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Default The economic crisis causes in a nutshell

April 17th, 2009, 15:13
Taken from MSNBC: http://www.msnbc.msn.com/id/27183355/

A good succint summary of the interconnected threads to wrap your head around the key players and events, good for both an economic novice, and good reference for a vet.

"The Fed
The collapse of the Internet bubble, followed by the terrorist attacks of 9/11, threw the economy into recession and inflicted damage to the financial system. In response, the Federal Reserve, led by longtime Chairman Alan Greenspan, slashed interest rates and flooded the system with money. The economy slowly recovered, but the Fed kept rates low, providing the mortgage lending industry with a ready source of cheap capital. In 2004, near the peak of the housing bubble, Greenspan encouraged Americans to take out adjustable-rate mortgages."

Home buyers
As the housing boom turned to a bubble, buyers succumbed to the mania. Many were novice investors trying to "flip" real estate for a profit. Others, watching the American Dream recede as prices skyrocketed, justified home purchases that were well beyond their means. For some of those buyers, homeownership was simply not a realistic goal, despite the cheerleading from Congress, the White House and the housing industry.

The real estate lobby
A powerful force on Capitol Hill, led by the National Association of Realtors and National Association of Home Builders, this group championed policies to push homeownership rates to unsustainable levels. Congress and the White House went along; to vote otherwise was to oppose the American Dream. Real estate agents, armed with research from their trade group, fed the myth that home prices would continue to rise and that even if they took a breather, they would never fall by much.

Mortgage brokers
Mortgage brokers earned big commissions even if a loan eventually went bad, because their employers almost always sold the loans quickly. So some brokers stretched the rules to the limits - and beyond - to generate new loan volume. Some committed outright fraud. Others steered borrowers with good credit to higher-fee subprime loans. Borrowers were sold on the idea of overborrowing based on low-cost "teaser rates" - with the false promise that they could always refinance before the rate reset to unaffordable terms. Many mortgage brokers adhered to the letter of the law by disclosing ruinous terms in reams of closing documents, but then made contradictory verbal assurances.

Congress
Members of Congress have always been cheerleaders for homeownership, which after all is the cornerstone of the American Dream. Yet some critics have argued for limits on the virtually sacrosanct deduction for mortgage interest, which provides an incentive to buy more expensive homes. Some analysts have pointed to the Gramm-Leach-Bliley Act of 1999, which knocked down the last remnants of a Depression-era separation between commercial banks and brokerages. But others say the current crisis would have been worse without that law, which has allowed commercial banks to help rescue failing brokerages. In a bipartisan failure, Congress failed to tighten regulation over mortgage giants Fannie Mae and Freddie Mac, which ultimately failed at enormous cost to taxpayers.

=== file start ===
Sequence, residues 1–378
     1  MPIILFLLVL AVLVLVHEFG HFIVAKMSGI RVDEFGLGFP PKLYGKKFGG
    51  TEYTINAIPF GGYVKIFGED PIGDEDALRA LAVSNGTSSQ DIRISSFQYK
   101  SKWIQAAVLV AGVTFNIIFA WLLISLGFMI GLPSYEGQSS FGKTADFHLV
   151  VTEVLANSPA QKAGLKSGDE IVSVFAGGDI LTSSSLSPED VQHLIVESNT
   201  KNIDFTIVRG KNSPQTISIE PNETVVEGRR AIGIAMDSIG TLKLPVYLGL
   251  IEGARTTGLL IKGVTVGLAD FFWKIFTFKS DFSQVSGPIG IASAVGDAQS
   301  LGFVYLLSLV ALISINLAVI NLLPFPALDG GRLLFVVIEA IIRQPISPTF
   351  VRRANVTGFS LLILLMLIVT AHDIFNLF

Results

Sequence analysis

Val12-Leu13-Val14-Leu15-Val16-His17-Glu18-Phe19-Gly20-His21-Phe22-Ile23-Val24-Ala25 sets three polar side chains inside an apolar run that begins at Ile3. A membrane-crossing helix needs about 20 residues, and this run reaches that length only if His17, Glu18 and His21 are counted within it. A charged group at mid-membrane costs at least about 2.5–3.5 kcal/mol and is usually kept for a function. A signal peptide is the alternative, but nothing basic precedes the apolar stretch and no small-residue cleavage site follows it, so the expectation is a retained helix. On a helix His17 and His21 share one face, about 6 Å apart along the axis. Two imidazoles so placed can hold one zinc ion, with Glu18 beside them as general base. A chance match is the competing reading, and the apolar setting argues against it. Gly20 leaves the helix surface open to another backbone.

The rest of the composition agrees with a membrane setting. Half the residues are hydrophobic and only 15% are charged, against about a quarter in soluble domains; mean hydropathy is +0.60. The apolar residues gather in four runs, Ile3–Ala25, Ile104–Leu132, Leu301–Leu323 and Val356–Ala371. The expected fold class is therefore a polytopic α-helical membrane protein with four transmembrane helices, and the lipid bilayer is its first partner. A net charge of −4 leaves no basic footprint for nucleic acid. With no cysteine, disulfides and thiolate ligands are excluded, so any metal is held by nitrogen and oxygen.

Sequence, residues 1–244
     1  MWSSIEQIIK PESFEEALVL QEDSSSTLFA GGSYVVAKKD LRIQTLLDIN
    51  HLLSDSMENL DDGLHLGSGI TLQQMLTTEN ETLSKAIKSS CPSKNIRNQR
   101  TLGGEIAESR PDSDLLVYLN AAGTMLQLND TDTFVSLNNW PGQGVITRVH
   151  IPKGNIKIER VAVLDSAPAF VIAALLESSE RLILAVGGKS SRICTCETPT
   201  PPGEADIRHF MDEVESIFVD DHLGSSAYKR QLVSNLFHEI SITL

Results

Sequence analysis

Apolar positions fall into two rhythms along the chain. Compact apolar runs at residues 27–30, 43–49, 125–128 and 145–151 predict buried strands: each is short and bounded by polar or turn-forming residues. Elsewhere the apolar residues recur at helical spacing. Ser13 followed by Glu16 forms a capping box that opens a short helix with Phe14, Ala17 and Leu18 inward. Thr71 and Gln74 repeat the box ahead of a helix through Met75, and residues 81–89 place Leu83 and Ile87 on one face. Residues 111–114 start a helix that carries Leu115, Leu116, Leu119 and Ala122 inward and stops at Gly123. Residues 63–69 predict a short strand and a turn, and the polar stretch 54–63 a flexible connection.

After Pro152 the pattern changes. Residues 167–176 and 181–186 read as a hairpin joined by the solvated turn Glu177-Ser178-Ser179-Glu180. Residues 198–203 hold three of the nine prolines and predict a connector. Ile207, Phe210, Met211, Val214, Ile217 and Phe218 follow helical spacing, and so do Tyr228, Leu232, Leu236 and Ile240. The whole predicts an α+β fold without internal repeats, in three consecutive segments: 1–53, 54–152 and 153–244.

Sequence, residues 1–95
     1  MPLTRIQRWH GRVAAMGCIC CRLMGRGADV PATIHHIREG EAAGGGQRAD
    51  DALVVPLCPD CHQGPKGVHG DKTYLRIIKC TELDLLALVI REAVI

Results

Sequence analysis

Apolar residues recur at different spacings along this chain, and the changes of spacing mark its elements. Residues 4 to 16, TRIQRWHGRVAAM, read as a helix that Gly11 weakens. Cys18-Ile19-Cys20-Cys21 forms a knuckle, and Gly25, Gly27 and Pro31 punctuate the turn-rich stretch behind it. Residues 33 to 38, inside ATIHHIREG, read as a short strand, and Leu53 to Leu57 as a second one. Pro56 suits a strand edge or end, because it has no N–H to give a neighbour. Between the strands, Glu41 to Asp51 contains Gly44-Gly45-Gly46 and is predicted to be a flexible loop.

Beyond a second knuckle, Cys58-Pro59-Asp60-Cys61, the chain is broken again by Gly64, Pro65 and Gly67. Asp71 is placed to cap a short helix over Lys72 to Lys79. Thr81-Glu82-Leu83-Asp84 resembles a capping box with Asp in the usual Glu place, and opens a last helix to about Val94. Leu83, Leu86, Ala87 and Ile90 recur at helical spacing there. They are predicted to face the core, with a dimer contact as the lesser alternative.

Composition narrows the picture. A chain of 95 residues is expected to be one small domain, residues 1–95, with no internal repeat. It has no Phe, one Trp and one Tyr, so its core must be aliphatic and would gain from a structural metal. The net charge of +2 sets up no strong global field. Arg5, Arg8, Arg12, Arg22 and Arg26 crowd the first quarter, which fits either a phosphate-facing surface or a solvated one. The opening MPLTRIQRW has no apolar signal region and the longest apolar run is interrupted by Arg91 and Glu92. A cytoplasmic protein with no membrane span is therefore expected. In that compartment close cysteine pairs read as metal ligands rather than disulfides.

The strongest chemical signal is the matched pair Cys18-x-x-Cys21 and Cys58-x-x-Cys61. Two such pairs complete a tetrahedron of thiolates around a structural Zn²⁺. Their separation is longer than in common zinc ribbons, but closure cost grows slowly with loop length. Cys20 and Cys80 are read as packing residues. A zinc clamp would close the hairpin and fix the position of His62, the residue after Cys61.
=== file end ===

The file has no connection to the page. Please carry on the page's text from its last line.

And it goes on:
Investment bankers
The idea of selling mortgages to investors originated in the 1930 with the creation of the Federal National Mortgage Association, or Fannie Mae. But those loans were made under strict guidelines; investors who bought them were reasonably well protected from loss. As the lending bubble picked up steam, aggressive Wall Street investment bankers used financial alchemy to turn risky loans to borrowers with weak credit histories into Triple-A-rated, safe investments. This fool's gold took two major forms: mortgage-backed securities and credit default swaps. The collapse of these investments is a major cause of the financial crisis.

Fannie/Freddie
As unregulated lenders generated huge volume, Fannie and Freddie wanted in. Fannie and Freddie, both of which had large lobbying operations, went to their friends in Congress and got the green light to jump into the pool of risky loans too. In doing so, the companies put profits for shareholders ahead of their original congressional mandate to serve the interests of home buyers. An accounting scandal in 2004 led to the ouster of Fannie Mae chief executive Franklin Raines and increased calls for reform, but Congress would spend five years debating how to rein in the two companies before the government takeover in 2008.

Appraisers
These professionals are supposed to prevent lenders from lending too much money when buyers bid more than a house is worth. Because they were hired by mortgage brokers, some appraisers abetted the price bubble by valuing houses based the loan amount — sometimes without even seeing the house. Some mortgage brokers would send out multiple requests for a single appraisal, giving the job to the first appraiser who could "hit the number." Some honest appraisers were forced to seek other work.

Federal regulators